• Tabron, William — in the 1930 census of Wilson, Wilson County: at 700 East Vance Street, rented for $16/month, barber Henry Tabron, 37; wife Mattie B., 39, laundress; and children William, 15, shoe shop laborer, Edmonia, 14, Bill S., 11, Berkly, 9, and Donald, 7.
  • Thompson, Edwin — in the 1928 Wilson city directory, Thompson is listed as a shoe shiner at 569 East Nash.
  • Wiley, Bud — in the 1912 city directory, Wiley is listed as a bootblack at 407 East Nash.
  • Word, Fleming — in the 1908 Hill’s Wilson, N.C., city directory, Word (Ward?) is listed as a shoemaker working at 407 East Nash Street and living at 108 Wiggins.

Hugh T. Ransom Sr. and John A. Gaston were briefly partners in a Nash Street barbershop that catered to a white clientele. Barbershops often offered shoeshine services. Wilson Advance, 30 January 1890.

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Shoe shops at 515, 519, 521 and 529 East Nash Street, as shown on the 1922 Sanborn insurance map of Wilson. City directories for the same year show cobblers at 511 and 513 East Nash Street as well.

Studio shots, nos. 108, 109 and 110: the Evans family.

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Roscoe M. Evans (1913-1993), during his Wilson years.

Roscoe Michael Evans was born 11 March 1913 in Wilson to Erastus Marion Evans of Johnston County, North Carolina, and Mamie Britt Coles Evans of Sampson County, North Carolina. His parents were married in Wilson on 25 December 1911 by Baptist minister Fred M. Davis in the presence of James Crockett and Effie Pittman of Wilson and Jery Evans of Fremont, N.C., and Joe Evans applied for the license.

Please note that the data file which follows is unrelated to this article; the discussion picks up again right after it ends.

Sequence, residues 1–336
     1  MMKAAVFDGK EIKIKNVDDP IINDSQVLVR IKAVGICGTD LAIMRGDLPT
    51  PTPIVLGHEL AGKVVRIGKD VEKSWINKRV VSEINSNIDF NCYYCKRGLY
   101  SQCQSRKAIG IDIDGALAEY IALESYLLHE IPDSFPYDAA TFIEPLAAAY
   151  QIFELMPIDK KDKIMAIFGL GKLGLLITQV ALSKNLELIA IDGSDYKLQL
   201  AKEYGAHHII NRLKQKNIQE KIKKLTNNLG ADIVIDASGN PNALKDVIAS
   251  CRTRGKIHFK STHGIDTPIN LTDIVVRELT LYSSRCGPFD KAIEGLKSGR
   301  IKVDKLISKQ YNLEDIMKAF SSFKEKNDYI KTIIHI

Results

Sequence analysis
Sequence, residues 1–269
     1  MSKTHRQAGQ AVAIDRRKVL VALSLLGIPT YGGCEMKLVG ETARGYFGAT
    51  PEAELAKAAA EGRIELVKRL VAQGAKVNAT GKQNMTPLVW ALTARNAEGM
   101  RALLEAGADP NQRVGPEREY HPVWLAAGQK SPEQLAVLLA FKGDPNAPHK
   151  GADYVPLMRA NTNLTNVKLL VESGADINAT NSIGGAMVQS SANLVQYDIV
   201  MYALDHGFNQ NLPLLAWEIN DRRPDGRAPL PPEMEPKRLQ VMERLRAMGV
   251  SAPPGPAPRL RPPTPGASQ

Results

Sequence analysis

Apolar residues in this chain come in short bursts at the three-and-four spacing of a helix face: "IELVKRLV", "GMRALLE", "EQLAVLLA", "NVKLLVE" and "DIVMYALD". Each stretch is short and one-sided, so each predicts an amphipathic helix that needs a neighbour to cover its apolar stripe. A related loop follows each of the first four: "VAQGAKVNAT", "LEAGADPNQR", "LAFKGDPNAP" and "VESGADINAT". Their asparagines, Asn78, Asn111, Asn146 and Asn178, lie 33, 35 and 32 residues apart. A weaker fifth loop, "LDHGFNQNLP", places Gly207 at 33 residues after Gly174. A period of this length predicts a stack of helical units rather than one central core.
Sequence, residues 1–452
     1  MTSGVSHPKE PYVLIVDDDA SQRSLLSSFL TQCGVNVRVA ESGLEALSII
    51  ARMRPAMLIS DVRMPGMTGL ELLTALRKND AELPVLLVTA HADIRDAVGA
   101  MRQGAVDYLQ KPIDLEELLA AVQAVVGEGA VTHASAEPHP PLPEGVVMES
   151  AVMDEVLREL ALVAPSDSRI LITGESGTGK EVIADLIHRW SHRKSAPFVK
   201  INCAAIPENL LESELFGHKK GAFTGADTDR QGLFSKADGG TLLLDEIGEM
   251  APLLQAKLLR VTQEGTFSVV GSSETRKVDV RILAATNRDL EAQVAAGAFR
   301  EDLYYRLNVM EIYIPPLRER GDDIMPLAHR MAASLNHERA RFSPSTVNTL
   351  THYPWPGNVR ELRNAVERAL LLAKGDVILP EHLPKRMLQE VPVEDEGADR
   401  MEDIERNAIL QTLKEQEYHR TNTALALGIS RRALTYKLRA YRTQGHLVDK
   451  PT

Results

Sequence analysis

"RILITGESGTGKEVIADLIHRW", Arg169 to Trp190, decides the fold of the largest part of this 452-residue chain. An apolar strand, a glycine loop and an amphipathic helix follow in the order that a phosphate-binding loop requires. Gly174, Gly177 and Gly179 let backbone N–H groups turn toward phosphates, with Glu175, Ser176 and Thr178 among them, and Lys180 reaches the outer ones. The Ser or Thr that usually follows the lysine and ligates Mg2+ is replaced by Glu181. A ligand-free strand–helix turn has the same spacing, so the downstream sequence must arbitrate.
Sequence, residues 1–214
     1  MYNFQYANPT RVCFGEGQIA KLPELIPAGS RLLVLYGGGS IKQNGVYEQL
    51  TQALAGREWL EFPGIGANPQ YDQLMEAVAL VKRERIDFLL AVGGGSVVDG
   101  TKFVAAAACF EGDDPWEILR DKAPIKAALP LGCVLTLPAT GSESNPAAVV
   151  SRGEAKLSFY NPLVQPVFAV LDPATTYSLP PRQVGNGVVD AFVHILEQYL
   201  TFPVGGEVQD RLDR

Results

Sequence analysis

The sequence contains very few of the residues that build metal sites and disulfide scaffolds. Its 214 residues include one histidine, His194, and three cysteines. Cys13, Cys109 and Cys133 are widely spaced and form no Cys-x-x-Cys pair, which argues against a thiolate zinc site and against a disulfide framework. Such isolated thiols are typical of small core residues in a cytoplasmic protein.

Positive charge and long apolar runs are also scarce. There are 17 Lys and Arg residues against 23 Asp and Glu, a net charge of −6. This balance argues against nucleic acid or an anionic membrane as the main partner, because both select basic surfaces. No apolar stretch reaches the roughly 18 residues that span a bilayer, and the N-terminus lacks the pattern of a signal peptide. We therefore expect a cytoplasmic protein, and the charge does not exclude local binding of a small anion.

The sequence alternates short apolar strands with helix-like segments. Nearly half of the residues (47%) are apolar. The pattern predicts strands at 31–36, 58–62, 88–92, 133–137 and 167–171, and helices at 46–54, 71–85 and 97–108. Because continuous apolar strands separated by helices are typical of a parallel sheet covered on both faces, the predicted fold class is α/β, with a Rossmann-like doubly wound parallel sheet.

In the 1912 Hill’s Wilson, N.C., city directory Erastus M. Evans, laborer, is listed at 635 East Vance Street, as was John Evans.

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Erastus M. Evans (1891-1945).

In 1917, Erastus Marion Evans registered for the World War I draft in Wilson. Per his registration card, he was born 1 June 1891 in Johnston County; lived on East Nash Street; worked as an electric lineman for the Town of Wilson; and supported a wife and child.

On 22 January 1918, the “Infant of Mamie Rastus Evans,” a boy, died in Wilson at age four days, probably of “la grippe” [influenza.] Per his death certificate, he was buried in Wilson County by C.H. Darden & Sons.